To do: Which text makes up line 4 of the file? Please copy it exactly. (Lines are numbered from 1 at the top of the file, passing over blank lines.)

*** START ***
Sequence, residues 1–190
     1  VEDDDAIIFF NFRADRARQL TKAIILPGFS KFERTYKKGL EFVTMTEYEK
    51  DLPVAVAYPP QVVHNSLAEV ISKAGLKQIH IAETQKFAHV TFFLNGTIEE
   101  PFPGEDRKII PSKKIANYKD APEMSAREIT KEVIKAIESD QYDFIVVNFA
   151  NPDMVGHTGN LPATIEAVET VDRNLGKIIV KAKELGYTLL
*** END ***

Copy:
   101  PFPGEDRKII PSKKIANYKD APEMSAREIT KEVIKAIESD QYDFIVVNFA